After a horror summer of drownings throughout New Zealand, water safety specialists are stressing the importance of people doing their homework before swimming in lakes and rivers.
The Water Safety New Zealand website showed 13 preventable drowning fatalities for 2022 as of Monday, with six of those in rivers and one in a lake.
Central Otago District Council aquatics manager Carly Getson said learning to swim and supervision was the key combination for water safety.
Supervision around water was critical and children should always be actively supervised by a trusted adult in lakes and rivers, she said.
The Central Otago Swim School programme taught children water awareness, how to behave in water and to respect it, and how to help themselves and others in emergencies.
Many children had missed out on swim lessons because of lockdowns and that interruption could mean their skills had regressed, Mrs Getson said.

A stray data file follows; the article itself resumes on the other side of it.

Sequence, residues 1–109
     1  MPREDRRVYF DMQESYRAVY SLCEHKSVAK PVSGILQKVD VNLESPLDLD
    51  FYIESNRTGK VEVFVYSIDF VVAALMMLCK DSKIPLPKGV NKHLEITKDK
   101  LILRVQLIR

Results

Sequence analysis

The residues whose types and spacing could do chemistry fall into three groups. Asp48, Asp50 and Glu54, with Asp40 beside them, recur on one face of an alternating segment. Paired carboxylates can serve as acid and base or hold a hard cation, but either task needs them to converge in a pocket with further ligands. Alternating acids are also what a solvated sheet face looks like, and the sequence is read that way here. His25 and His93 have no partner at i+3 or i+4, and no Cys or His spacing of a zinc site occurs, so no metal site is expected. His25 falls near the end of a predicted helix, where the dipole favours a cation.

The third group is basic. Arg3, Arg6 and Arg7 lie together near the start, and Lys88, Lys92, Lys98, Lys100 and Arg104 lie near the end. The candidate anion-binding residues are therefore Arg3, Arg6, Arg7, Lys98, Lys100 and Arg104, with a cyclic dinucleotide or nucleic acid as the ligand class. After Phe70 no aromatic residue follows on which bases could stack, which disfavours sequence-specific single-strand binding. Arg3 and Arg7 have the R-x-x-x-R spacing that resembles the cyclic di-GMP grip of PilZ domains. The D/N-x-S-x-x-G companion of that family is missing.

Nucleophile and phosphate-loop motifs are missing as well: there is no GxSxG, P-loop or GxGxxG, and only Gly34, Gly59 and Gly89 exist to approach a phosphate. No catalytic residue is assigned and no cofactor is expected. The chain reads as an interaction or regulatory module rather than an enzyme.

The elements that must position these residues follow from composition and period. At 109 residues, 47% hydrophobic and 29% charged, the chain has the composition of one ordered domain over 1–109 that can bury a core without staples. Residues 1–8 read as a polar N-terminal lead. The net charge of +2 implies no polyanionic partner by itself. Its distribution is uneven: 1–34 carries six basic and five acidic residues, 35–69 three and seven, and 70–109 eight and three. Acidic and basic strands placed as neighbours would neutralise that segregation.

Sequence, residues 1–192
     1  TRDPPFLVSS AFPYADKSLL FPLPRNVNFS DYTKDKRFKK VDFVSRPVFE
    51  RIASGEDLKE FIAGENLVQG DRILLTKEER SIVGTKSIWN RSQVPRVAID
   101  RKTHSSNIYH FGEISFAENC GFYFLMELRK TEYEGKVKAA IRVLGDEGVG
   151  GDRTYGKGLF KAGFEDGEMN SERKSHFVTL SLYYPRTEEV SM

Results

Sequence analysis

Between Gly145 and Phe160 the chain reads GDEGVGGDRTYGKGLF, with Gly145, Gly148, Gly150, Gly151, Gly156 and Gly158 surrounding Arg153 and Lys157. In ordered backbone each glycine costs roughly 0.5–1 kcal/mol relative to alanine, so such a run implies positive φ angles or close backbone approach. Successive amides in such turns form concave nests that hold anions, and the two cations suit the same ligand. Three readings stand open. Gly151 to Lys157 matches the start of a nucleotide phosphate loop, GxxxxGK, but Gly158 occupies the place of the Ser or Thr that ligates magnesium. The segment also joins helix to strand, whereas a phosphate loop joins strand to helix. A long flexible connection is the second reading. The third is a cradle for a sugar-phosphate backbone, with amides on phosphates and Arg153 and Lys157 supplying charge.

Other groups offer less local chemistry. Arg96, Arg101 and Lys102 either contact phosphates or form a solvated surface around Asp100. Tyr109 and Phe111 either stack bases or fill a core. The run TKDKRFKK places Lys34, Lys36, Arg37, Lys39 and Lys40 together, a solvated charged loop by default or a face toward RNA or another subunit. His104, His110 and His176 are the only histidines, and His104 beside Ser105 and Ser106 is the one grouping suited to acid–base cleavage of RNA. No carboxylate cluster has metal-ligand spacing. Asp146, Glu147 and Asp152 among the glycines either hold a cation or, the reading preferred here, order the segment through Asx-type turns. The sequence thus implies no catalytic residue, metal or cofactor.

She and Steve Rushbrook, Otago Regional Council harbourmaster who has oversight of the major part of Lake Dunstan, both recommended people have a buddy while swimming, no matter their age.
Mr Rushbrook said people needed to do their homework before choosing to swim in rivers, lakes and streams.
“Be aware of the flows and the conditions you are intending to swim in,” he said.
“Don’t exceed your capabilities.”
The advice for swimmers was the same given to boat operators, Mr Rushbrook said.
“If in doubt, don’t go out.”
Locals have been listening.
Friends Henry Edwards and Theodore Waite (both 6) were playing in the outdoor pool last week at the Molyneux Aquatic Centre under the watchful eye of Henry’s mother, Chloe Carlin, while Theo’s mother, Charlotte Waite watched her daughter Ella (5) indoors.
Both mothers said their children had started swimming lessons young, although Ms Carlin was having difficulty booking one-on-one lessons for Henry.
Mrs Waite said she took the children swimming in Lake Dunstan most days, where Theo also liked kayaking, and they wore life-jackets and were supervised at all times.
Cromwell College pupils Ben James (15) and Harlyn Blakie (14) said they were taught river safety at school, including going in the water fully clothed to learn what to do in that situation.
They were confident they could help others in danger if needed, but only if it was safe to do so.
“I’d assess the situation and see if it was dangerous for me to go in there,” Ben said.
“If it was, I’d try to help from land.”
Harlyn added, “and call someone to help.”